IT WAS 35 years ago that two notable Slovak villages, Vlkolínec and Čičmany, were declared protected national monuments by the Slovak government on January 26, 1977. Vlkolínec was also named a UNESCO World Heritage site in 1993.
Vlkolínec lies in the Veľká Fatra mountain range under Sidorovo hill and is an administrative borough of the town of Ružomberok. The village is a remarkably intact settlement with characteristic central European loghouse architecture, often found in mountainous areas. The layout of the town has remained virtually unchanged and the architectural style has been fully retained. Currently there are 45 unaltered buildings in the village retaining many early construction features and it is considered the best preserved and most comprehensive set of traditional buildings in Slovakia.
The first written record of the settlement dates back to 1376 and the village’s heyday was in the 18th century when it counted 70 houses and several farm buildings. The village has a well-preserved wooden bell tower and a well from 1770 as well as a school building and the Church of the Blessed Virgin Mary built in 1875. The bell tower and well cover were constructed using traditional materials and are covered with wooden shingles, as are the roofs of all original buildings in Vlkolínec.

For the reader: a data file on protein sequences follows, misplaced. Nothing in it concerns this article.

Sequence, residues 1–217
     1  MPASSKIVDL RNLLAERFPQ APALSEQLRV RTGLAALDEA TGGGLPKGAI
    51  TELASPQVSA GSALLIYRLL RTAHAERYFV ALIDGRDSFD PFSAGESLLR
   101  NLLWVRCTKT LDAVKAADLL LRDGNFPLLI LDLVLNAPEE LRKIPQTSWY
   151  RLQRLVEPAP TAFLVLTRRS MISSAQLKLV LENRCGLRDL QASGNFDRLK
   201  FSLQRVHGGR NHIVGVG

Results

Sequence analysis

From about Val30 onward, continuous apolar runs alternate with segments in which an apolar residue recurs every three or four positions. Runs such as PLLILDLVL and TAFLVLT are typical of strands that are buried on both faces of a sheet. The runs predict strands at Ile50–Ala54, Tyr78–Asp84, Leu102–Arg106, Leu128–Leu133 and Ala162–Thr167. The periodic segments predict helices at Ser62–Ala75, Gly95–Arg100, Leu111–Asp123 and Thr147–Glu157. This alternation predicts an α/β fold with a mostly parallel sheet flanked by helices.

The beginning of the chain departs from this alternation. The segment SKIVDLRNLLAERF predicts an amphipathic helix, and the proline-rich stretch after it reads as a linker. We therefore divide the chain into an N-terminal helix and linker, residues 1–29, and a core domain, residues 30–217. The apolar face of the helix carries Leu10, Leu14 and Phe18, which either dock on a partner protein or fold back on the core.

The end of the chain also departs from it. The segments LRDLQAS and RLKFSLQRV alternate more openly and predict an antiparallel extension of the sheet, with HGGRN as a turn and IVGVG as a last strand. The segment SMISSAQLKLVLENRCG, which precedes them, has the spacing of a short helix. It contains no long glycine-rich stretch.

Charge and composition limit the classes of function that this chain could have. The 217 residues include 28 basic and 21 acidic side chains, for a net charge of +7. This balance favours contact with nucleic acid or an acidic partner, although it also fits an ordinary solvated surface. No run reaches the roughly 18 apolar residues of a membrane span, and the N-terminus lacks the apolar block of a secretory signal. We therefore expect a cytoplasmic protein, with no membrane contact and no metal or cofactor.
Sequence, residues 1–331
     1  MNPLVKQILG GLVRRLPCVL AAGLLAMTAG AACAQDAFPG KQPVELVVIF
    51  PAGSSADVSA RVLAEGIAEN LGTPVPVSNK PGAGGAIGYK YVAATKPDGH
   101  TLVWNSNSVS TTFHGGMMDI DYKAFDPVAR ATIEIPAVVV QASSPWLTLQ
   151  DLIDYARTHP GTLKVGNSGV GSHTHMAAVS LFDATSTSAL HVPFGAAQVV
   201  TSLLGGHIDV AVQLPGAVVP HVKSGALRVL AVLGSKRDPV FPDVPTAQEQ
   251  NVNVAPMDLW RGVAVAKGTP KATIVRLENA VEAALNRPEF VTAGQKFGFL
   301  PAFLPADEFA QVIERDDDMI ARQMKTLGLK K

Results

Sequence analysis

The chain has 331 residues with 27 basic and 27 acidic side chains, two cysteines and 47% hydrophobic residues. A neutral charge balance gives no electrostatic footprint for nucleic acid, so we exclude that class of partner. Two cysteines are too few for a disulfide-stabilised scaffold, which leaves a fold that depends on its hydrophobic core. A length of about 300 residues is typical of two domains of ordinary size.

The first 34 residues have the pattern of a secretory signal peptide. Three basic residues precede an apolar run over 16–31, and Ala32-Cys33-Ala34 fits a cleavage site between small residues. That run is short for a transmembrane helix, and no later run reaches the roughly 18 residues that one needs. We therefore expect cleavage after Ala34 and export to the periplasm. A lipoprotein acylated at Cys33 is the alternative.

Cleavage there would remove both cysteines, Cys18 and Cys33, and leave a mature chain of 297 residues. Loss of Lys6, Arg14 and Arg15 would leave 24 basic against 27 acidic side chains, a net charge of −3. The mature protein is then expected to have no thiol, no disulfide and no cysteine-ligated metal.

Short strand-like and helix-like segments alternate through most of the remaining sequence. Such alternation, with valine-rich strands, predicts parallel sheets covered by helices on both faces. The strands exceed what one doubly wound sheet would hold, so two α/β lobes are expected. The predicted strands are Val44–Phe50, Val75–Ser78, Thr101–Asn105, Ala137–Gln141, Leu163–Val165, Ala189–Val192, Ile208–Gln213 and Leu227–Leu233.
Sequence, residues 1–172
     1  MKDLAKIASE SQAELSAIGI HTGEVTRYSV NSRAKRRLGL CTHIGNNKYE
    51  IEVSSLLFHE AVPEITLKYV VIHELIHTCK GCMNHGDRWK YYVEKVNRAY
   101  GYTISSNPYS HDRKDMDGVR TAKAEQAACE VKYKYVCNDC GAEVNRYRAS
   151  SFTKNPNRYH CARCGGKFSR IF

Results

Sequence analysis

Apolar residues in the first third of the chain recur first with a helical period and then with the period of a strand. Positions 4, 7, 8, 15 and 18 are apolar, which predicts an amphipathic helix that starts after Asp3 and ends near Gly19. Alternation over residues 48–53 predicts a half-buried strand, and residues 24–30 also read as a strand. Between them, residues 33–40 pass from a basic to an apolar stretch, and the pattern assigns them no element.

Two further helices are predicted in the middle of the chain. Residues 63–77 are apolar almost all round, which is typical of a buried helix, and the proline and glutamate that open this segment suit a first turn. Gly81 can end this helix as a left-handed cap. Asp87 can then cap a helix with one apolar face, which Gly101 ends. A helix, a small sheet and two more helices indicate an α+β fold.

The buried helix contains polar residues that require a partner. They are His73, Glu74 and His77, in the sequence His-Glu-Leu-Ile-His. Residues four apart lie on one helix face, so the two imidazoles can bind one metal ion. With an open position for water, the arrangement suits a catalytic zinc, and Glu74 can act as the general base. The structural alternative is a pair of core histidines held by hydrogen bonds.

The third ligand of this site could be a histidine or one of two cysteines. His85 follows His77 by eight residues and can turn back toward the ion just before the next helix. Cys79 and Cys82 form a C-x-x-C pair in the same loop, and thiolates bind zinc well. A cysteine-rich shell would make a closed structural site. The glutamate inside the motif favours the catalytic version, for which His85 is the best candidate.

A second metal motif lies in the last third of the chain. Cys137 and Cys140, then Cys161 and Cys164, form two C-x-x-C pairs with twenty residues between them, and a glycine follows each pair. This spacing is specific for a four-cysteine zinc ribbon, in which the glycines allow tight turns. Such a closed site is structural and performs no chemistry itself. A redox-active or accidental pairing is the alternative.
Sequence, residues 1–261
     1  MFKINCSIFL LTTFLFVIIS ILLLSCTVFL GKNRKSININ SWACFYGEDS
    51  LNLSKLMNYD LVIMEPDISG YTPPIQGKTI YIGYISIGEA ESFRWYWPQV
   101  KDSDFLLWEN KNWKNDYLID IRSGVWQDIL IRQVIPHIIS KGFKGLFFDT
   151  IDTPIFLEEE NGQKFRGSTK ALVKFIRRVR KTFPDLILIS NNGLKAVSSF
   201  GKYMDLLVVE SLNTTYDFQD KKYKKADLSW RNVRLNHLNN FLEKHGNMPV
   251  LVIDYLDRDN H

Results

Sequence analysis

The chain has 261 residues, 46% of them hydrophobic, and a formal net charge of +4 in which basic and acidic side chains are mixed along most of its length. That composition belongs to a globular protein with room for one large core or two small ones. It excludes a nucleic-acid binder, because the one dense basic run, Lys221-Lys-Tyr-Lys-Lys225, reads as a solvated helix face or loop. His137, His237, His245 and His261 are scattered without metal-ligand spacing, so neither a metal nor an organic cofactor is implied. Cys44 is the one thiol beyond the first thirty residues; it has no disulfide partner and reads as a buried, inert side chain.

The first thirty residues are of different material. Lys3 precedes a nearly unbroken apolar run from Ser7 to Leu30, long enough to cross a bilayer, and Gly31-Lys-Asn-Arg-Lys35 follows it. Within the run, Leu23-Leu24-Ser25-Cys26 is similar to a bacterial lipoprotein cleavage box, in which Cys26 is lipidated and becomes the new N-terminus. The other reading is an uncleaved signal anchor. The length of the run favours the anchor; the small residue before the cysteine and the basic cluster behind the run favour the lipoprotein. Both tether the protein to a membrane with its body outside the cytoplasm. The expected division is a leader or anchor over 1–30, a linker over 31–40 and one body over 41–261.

The municipality of Čičmany lies in the Strážovské Vrchy mountain range, bordering on the Upper Nitra region, the middle Váh region and the southwestern Turiec region, near the spring of the Rajčianka river. Čičmany was named a protected monument because of its unique architecture and its ornamentally-painted loghouses. The original development was characterised by large family houses, often with two floors, where as many as 30 people lived, the TASR newswire wrote.
But the houses are most well-known for their ornamental, geometric decorations that date back about 200 years and were painted with white lime that had a protective function. The decorations on the farmhouses caught the attention of Slovak architect Dušan Jurkovič, who prepared a typical Čičmany decorative design for the ethnographic exhibition in Prague in 1895, as well as architectural details of the loghouses themselves. Thanks to Jurkovič’s work, the houses could be reconstructed after the lower end of the village was destroyed by fire in 1921.
The Čičmany geometrical design will adorn the official clothing of the Slovak team at this year's Olympic Games.
13. Feb 2012 at 0:00